Compliance Versus Functionality in DSAPT

farctatemountainousUrban and Civil

Nov 29, 2013 (3 years and 11 months ago)

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1


Compliance Versus Functionality in DSAPT


Contents

Mobility Aid restraint

................................
................................
..............................

1

Way Finding

................................
................................
................................
.........

2

Bus stop slab grad
ients

................................
................................
..........................

2

Cross
-
river Ferry seating

................................
................................
........................

2

Ramp / stair combinations with lifts.

................................
................................
........

3

Premises Standard and DSAPT inconsistency

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............................

3

Appendices

................................
................................
................................
...........

4

DSAPT Part 9.11 Movement of mobility aid in allocated space

................................
..

4

DSAPT
Part 18.1 Location

................................
................................
....................

4

DSAPT Part 8.1 Boarding points and kerbs

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.............................

4

AS 1428.1

2001, Clause 5, WALKWAYS, RAMPS AND LANDINGS

............................

4

AS 1428.1

2009, Clause10, WALKWAYS, RAMPS AND LANDINGS

...........................

4

DSAPT Part 9.5 Number of allocated spaces to be provided


ferries

........................

5

DSAPT Part 9.4 Number of allocated spaces to be provided


buses

.........................

5

Seating Capacity of three Brisbane Transport Buses

................................
................

5

AS5100.1
-
2
004, Clause 9.11 Pedestrian bridges

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....................

5


Engineering culture is often compliance driven. Alternative solutions, though they may
have a better functional outcome than compliance, are not usually well received unless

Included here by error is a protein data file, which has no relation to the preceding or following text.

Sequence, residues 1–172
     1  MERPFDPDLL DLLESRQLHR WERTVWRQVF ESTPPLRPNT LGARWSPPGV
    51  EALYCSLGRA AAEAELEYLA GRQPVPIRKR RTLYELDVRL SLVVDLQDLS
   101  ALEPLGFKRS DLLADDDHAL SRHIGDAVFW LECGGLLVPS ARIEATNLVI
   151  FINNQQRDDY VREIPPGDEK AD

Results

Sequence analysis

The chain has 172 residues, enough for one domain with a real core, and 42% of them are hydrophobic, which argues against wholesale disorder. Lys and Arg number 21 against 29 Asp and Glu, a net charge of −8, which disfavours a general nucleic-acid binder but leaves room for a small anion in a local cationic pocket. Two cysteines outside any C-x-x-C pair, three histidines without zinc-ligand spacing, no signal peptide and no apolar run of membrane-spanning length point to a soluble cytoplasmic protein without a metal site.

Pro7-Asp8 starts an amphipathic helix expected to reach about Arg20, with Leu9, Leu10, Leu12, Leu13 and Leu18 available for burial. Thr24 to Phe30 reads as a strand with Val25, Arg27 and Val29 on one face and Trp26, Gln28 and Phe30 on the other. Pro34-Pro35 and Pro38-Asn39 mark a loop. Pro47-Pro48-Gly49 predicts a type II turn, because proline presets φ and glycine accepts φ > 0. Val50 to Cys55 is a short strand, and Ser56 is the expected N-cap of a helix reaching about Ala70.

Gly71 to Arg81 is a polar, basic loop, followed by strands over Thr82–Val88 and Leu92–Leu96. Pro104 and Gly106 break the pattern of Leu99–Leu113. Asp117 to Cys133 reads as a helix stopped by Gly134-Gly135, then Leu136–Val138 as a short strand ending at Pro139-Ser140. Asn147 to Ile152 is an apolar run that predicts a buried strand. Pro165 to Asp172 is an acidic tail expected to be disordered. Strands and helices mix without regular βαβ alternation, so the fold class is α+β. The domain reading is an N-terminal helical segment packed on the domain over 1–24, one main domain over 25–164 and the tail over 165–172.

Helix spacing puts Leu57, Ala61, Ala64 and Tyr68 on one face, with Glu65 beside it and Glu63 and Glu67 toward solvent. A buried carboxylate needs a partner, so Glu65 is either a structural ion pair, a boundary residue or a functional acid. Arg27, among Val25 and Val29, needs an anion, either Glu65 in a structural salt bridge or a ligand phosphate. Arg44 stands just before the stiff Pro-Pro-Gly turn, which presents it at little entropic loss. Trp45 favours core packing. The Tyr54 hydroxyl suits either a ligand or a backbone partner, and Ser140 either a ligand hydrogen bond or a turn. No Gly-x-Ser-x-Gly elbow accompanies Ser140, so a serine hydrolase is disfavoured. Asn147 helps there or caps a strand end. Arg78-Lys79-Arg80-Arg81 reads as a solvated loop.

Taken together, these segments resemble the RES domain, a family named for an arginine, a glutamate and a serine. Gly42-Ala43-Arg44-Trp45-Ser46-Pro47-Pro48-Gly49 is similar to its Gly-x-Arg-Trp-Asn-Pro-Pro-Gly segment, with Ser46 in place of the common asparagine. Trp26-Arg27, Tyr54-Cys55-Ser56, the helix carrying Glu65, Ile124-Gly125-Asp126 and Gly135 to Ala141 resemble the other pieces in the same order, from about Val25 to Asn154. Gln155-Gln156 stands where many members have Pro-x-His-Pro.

the ‘improve
ment’ is easily quantifiable.
Building certifiers are also usually reluctant to
sign off on non
-
compliant solutions. While usually a commendable approach, this also
stifles alternate solutions and innovations.

In order to give confidence to engineers an
d
certifiers
, a

means of quantifying

the benefits of

innovations a
nd

improvements is
required. By the same token, when unjustifiable hardship provisions are exercised, a
way of assessing whether a design remain
s

functional
despite non
complian
ce

would
grea
tly assist engineers
,

certifiers

and the public
.


The
alternative
‘g
ood practice


solutions and practices
might be
published

in the DSAPT
Guidelines

or in a handbook published by a relevant professional body
.

What constitutes

good practice


in terms of accessibility and function
should
first be
agreed through a
national discussion.


The following
headings
offer examples of compliance either falling short of function or
function being maintain
ed despite non
compliance.

They are not intended to

be
comprehensive.


Mobility Aid re
s
traint

Allocated spaces in buses, trams and light rail
must
by some means ensure the
stability
of a mobility aid in
the

space in order to comply with DSAPT Part 9.11. “
An allocated
space must contain movement of a mobility aid towards the front or sides of a
conveyance.” Acceleration forces experienced in a bus are as great if not greater than
deceleration / braking forces. To be properly functional, Part 9.11
should

a
lso require
containment of movement towards the rear of a conveyance.
Mere compliance with Part
9.11 is not sufficient to always allow safe travel for people who
ride in

their mobility aids
when
in bus allocated spaces.


2


Way Finding

DSAPT’s requirements for the location of TGSIs
on public transport premises and
infrastructure
are dealt with in
DSAPT
Part 18.1. This cites AS1428.2
-
1992, clause 18.1
as its technical reference. No mention is made in the AS
’s

clause

18.1

of directional
TGSIs and where it is appropriate to deploy them.
None of the editions of AS1428.4
adequately address the use of directional TGSI
in public transport premises and
infrastructure,
though some
technical guidance
is provided.


Currently, p
eople with vision

impairment
complain that they too

easily lose orientation in
a DSAPT compliant environment due to lack of directional cues.
Equally, people with
mobility impairments protest that a proliferation of TGSIs makes pedestrian areas less
safe for them.
A nati
onally agreed position on direction
al

TGSI use is required